The fully revised edition of this successful textbook provides a comprehensive introduction to medical sociology and an assessment of its significance for social theory and the social sciences. It includes a completely revised chapter on mental health and new chapters on the sociology of the body and on the relationship between health and risk in contemporary societies. Bryan S Turner considers the ways in which different social theorists have interpreted the experience of health and disease, and the social relations and power structures involved in medical practice. He examines health as an aspect of social action and looks at the subject of health at three levels - the individual, the social and the societal. Among the pe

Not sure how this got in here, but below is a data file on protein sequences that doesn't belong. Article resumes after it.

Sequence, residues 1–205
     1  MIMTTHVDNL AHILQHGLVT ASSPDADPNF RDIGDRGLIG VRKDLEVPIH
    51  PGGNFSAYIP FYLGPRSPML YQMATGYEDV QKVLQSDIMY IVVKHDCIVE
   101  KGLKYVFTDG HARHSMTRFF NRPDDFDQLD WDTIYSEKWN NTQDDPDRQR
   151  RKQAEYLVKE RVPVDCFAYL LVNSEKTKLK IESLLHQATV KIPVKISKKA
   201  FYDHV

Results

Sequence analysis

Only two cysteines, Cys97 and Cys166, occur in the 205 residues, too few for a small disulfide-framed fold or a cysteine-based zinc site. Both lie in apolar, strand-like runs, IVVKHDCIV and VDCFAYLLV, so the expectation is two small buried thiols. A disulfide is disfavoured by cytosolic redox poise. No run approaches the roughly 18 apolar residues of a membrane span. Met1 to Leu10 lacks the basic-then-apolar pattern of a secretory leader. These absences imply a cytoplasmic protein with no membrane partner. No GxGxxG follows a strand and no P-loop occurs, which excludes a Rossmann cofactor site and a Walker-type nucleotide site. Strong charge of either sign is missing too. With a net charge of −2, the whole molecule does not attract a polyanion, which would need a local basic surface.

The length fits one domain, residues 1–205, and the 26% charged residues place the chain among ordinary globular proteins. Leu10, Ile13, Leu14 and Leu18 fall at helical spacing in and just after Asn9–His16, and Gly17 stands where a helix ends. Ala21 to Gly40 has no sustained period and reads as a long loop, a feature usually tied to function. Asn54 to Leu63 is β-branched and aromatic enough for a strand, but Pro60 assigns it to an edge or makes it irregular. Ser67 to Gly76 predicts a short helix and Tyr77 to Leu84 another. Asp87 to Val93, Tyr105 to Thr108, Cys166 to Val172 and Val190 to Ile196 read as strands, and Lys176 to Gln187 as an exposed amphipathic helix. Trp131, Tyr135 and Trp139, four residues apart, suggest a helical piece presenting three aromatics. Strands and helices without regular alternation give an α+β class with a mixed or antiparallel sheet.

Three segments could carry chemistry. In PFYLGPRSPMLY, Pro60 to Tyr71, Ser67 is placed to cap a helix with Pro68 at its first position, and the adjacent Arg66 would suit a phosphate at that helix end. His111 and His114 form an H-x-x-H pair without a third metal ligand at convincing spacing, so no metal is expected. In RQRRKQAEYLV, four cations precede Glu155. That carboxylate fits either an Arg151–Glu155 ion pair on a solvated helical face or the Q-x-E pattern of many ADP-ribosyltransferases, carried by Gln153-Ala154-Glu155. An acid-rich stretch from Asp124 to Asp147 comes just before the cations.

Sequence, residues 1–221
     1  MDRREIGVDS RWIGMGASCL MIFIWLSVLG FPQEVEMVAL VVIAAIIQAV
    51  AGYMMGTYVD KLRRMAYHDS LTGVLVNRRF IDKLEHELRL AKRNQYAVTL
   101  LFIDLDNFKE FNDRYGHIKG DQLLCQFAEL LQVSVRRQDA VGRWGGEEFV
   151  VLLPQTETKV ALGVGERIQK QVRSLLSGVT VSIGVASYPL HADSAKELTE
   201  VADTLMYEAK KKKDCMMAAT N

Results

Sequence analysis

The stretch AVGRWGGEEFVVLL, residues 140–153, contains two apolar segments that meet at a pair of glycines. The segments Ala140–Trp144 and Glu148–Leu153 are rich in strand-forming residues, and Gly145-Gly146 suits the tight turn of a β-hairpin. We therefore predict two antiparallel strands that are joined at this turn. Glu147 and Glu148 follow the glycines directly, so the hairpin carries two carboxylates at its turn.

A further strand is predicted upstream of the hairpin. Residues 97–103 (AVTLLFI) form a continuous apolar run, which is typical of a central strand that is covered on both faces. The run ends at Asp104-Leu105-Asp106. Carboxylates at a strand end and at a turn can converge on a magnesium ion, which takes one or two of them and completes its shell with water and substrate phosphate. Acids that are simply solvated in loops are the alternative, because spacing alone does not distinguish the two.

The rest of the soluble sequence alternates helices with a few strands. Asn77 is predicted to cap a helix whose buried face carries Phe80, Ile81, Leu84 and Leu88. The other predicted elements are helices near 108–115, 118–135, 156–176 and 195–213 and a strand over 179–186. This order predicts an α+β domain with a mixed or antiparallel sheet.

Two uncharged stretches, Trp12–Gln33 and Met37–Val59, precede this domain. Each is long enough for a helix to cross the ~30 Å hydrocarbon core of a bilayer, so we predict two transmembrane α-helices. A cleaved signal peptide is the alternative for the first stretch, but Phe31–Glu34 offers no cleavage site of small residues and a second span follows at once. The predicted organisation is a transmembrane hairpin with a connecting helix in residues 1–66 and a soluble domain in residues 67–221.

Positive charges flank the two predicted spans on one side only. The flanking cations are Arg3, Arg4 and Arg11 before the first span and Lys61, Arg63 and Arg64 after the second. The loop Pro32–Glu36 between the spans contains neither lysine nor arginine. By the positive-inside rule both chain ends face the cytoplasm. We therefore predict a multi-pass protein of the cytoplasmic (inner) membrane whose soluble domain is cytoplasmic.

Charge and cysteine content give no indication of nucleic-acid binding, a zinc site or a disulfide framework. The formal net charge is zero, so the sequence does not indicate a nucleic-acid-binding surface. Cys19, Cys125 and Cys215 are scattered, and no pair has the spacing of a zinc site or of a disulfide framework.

Women's Complaints: Patriarchy and Illness

Women's Complaints: Patriarchy and Illness

Women's complaints: Patriarchy and illness

From the perspective of historical sociology, the construction of categories of disease and deviance appears to be closely related to the problem of the definition of social membership. Patterns of membership determine access to resources, of which power is the most significant component. We can argue that the social struggle over deviance and disease is a political conflict over the distribution of power. These boundaries of society, both cultural and physical, are managed and policed by certain elite groups within the community whose management of knowledge and power gives them a controlling surveillance over the construction and distribution of resources. We can quite legitimately treat health and illness as resources, alongside power, wealth and prestige. The ...

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